mastheadart
Serving Jersey County Illinois

Custom Search
ADVERTISEMENT
120x600
Today's Health Photos
(Reuters) - An American nurse who was exposed to Ebola while volunteering in Sierra Leone was released from the National Institutes of Health's Clinical Center in Maryland on Friday without showing signs of the disease, NIH said.

HASTINGS, Sierra Leone (Reuters) - U.N. Secretary General Ban Ki-moon on Friday praised healthcare workers fighting the Ebola virus as he paid his first visit to Liberia and Sierra Leone following an outbreak that has killed nearly 7,000 people.

(Reuters) - U.S. health regulators on Friday approved AbbVie's all-oral treatment for hepatitis C, and the company said the drug would cost $83,319 for a typical 12-week plan, a bit below its huge selling competitor Solvadi from Gilead Sciences.

CHICAGO (Reuters) - A child who arrived in Chicago with a fever was under observation on Friday at a city hospital to rule out the Ebola virus, hospital officials said.

(Reuters) - U.S. health regulators on Friday approved AbbVie's all-oral treatment for hepatitis C, providing the first competition for Gilead Sciences huge selling and expensive medicine for the liver-destroying virus.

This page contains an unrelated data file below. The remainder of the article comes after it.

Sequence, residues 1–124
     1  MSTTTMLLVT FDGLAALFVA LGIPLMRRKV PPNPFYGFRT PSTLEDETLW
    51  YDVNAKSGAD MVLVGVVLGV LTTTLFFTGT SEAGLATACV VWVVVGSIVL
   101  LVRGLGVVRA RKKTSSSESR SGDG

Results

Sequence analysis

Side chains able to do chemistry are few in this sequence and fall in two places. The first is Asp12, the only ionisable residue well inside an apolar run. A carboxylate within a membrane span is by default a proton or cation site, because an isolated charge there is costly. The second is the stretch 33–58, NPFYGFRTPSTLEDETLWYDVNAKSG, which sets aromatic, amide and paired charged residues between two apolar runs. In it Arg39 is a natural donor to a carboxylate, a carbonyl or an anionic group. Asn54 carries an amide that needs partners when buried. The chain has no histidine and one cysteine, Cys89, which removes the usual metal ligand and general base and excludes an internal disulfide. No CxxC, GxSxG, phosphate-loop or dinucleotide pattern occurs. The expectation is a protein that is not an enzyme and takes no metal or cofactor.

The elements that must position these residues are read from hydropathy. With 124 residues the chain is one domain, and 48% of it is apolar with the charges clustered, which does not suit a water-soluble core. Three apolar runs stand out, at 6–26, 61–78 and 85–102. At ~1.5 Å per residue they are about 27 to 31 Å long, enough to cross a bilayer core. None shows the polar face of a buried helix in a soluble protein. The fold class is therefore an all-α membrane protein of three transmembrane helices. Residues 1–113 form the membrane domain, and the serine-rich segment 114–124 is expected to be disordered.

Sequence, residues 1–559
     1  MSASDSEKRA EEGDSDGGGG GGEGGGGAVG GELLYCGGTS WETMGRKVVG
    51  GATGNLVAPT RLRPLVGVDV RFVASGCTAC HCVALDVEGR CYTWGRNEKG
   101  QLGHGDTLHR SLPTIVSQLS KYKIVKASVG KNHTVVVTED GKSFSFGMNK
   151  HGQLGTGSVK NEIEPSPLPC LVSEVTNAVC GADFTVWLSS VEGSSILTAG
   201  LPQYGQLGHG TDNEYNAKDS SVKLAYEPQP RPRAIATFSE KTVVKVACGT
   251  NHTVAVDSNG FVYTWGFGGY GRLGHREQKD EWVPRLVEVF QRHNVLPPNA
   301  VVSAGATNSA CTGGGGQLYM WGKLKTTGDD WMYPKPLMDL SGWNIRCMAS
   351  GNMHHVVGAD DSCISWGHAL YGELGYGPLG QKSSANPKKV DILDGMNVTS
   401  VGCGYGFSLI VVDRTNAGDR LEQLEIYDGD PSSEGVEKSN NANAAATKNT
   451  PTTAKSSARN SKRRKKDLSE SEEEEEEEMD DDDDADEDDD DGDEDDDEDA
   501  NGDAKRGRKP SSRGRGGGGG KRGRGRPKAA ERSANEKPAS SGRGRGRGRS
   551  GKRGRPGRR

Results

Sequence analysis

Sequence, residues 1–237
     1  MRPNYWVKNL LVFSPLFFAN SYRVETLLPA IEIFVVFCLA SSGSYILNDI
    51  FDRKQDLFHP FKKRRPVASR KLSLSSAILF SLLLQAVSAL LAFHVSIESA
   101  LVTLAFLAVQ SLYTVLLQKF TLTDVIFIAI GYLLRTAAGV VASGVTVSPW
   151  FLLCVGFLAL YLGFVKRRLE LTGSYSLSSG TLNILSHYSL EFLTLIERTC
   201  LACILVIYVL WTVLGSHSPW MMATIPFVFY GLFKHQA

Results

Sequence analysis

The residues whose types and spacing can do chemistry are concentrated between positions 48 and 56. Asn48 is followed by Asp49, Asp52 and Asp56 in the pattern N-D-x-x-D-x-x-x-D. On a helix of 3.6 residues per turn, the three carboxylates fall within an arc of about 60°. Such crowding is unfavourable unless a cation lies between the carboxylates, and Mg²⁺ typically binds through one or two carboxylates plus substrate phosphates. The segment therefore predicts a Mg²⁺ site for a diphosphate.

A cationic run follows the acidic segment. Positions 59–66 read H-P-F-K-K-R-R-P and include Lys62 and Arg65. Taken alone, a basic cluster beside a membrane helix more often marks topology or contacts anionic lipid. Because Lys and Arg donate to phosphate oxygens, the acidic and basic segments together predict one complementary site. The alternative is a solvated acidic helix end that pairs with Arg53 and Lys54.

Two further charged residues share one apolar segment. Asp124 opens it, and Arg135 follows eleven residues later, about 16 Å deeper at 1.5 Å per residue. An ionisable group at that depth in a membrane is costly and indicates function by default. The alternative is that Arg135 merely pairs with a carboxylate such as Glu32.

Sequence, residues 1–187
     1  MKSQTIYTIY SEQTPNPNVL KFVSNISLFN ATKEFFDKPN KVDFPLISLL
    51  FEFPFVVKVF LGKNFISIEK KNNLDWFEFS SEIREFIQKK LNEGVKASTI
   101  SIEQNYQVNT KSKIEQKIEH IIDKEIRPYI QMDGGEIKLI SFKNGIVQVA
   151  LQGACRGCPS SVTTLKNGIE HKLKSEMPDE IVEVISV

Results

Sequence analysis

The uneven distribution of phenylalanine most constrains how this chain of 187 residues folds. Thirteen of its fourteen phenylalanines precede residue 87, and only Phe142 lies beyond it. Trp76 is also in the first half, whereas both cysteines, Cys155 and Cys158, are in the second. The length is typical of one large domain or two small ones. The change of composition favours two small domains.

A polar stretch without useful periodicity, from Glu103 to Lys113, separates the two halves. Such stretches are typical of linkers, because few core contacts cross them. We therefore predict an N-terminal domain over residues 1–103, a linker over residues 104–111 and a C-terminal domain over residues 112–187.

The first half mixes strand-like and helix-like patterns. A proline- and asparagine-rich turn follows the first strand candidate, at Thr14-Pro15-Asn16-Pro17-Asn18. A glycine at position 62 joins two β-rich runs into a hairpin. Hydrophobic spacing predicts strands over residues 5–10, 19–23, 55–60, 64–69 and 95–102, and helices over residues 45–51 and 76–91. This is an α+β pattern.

(Reuters) - Cubist Pharmaceutical Inc's drug to treat complicated urinary tract and intra-abdominal infections won U.S. approval on Friday, highlighting the regulator's interest in tackling the growing threat of the so-called superbugs.

(Reuters) - More than half of food tested by the U.S. government for pesticide residues last year showed detectable levels of pesticides, though most were within levels the government considers to be safe, according to a report issued Friday by the U.S. Department of Agriculture.

(Reuters) - Of every $10 spent on healthcare in the U.S., almost 90 cents is due to smoking, a new analysis says.

Alcohol blackouts common in UK teens
Fri, 19 Dec 2014 20:25:11 GMT
(Reuters) - About a third of 15-year-olds in the UK have blacked out due to alcohol, a new survey indicates - and the rate rises to nearly three-quarters by the time they reach 19, researchers found.

LONDON (Thomson Reuters Foundation) - Some of the major health problems faced by women in developing countries are caused by "terrible" traditions that must be stopped, said the head of public health at the World Health Organisation (WHO).

Login to access your GTI Webmail Account
Username:@
Password:
 Remember Remember me 
Not a member? Click Here
Browse RSS Feeds
click here when finished
Save Page Layout
Video
ADVERTISEMENT
loading